Teen's memory resets every two hours following head injury

Teen thinks each day is June 11 as memory 'resets' every 2 hours

Illinois teen's memory resets every 2 hours and doctors have no idea why

A mysterious condition that causes a teenager's memory to reset every two hours has doctors baffled.

Every morning the schoolgirl from IL wakes up thinking it is June 11 - the day she was accidentally kicked in the head by a student crowd surfing at a dance.

Riley Horner of Kirkwood told the station on Monday that she feels a sense of confusion each morning when she awakens.

"I'm very confused and I try to think back, and I can't", she told US TV news outlet WQAD.

Riley Horner, 16, was out with her friends at a social dance held by the Future Farms of America State Convention on June 11 when she was accidentally kicked in the head by another student who was "crowd surfing". However, after dozens of seizures and countless hospital visits, Riley's symptoms are still a medical mystery. And I am not okay with that, ' Riley's distraught mother Sarah said.

They can't find anything physically wrong with her through CT scans or MRIs, which makes coming up with the proper diagnosis almost impossible.

"They can't see anything. You can't see a concussion on an MRI or CT Scan", said Sarah Horner, Riley Horner's mother. "There's no brain bleed, there's no tumor".

Even the simpler things in life are wiped out of Riley's memory.

In order to keep up with her coursework, Riley needs to leave herself detailed notes, take photos of them on her phone and sets an alarm for every two hours so she can brush up on what she has forgotten.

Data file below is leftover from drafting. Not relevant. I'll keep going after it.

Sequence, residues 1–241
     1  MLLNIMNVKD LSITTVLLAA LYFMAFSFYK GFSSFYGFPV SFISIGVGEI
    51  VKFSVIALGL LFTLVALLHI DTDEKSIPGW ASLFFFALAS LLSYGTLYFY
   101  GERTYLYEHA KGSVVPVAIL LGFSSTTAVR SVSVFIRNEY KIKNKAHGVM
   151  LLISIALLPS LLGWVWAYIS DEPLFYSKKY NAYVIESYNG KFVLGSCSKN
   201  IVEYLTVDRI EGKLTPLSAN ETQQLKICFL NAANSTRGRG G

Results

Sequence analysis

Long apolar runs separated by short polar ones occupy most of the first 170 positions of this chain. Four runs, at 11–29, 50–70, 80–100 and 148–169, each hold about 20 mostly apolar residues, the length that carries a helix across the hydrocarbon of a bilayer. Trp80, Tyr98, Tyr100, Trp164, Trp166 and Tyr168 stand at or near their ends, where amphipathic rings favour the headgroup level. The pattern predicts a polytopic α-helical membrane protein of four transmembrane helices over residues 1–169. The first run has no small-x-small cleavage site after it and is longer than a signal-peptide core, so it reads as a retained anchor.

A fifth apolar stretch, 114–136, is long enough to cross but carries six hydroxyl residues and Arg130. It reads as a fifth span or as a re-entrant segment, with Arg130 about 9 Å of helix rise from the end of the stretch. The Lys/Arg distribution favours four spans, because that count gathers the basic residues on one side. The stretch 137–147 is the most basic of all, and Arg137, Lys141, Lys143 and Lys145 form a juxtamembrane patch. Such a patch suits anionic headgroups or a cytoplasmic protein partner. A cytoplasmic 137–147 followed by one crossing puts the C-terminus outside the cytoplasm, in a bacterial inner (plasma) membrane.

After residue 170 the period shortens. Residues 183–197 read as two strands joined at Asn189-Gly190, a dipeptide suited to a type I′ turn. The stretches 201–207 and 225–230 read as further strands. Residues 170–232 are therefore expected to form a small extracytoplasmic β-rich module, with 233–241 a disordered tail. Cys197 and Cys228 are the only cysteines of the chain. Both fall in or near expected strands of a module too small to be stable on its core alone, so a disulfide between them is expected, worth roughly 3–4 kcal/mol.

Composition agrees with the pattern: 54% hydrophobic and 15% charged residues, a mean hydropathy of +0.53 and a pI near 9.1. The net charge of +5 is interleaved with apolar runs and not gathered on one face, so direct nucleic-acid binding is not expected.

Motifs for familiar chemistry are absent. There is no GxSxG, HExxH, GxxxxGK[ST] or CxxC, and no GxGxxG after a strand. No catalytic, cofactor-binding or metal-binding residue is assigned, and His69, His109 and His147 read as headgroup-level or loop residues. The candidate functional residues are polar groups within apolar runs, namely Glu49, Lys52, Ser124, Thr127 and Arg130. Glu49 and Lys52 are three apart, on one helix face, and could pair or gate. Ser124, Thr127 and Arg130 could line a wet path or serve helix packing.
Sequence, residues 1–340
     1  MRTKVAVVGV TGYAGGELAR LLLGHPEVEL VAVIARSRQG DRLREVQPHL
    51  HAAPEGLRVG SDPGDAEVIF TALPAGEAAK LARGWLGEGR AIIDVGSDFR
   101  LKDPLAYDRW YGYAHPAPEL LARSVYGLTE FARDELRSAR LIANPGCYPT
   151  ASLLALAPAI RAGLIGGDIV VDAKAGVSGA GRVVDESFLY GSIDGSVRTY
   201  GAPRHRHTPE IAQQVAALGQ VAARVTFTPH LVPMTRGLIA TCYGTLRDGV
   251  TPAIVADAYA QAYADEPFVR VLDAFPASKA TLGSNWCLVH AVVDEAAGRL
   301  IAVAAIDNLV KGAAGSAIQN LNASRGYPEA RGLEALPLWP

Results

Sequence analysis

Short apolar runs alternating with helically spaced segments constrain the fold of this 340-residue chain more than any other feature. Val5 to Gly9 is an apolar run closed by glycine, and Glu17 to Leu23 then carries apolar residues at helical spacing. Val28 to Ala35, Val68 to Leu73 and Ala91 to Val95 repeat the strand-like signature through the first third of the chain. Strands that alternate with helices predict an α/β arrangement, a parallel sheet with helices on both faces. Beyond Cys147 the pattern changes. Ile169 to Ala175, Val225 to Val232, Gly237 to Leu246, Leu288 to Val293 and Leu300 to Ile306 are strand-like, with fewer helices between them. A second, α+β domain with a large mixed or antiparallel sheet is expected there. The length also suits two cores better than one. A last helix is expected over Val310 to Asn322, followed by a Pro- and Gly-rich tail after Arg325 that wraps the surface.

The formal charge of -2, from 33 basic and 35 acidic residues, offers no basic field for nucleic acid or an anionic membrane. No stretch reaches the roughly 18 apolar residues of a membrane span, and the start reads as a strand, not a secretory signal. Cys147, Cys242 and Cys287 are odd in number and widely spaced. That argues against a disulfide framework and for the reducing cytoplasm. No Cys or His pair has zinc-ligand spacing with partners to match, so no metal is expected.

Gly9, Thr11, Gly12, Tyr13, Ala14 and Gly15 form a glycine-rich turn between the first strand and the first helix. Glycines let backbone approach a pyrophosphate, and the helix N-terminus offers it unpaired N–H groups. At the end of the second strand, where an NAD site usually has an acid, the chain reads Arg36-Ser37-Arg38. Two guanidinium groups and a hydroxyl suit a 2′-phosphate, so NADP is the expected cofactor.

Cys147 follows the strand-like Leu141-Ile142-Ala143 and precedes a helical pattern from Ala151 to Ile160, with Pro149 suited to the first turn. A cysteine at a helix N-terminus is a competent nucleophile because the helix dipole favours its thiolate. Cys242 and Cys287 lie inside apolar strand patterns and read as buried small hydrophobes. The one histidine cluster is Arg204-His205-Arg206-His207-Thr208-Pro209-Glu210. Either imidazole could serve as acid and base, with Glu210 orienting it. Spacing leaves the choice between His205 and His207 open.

"My brother passed away last week and she probably has no idea", her mother told the station.

Doctors have told the family that Riley may never fully recover, but Ms Horner said she wouldn't give up.

"I know it's hard for them as much as it's hard for me".

"People don't understand - it's like a movie". 'Like I will have no recollection of (this interview) come supper time'. I want more than anything for Riley to remember her Junior Homecoming, Thanksgiving and Christmas this year!

Doctors told the Horners it's a reality they may have to accept for life. "And I am not okay with that", Sarah said tearfully.

'I'm not making memories, ' Riley added.

"I'm not making memories and I'm just really scared", she said.

According to the ABC News report, research shows that after six months of short-term memory loss, the damage can become irreversible, so Riley's family is frantic to find new opinions and options.

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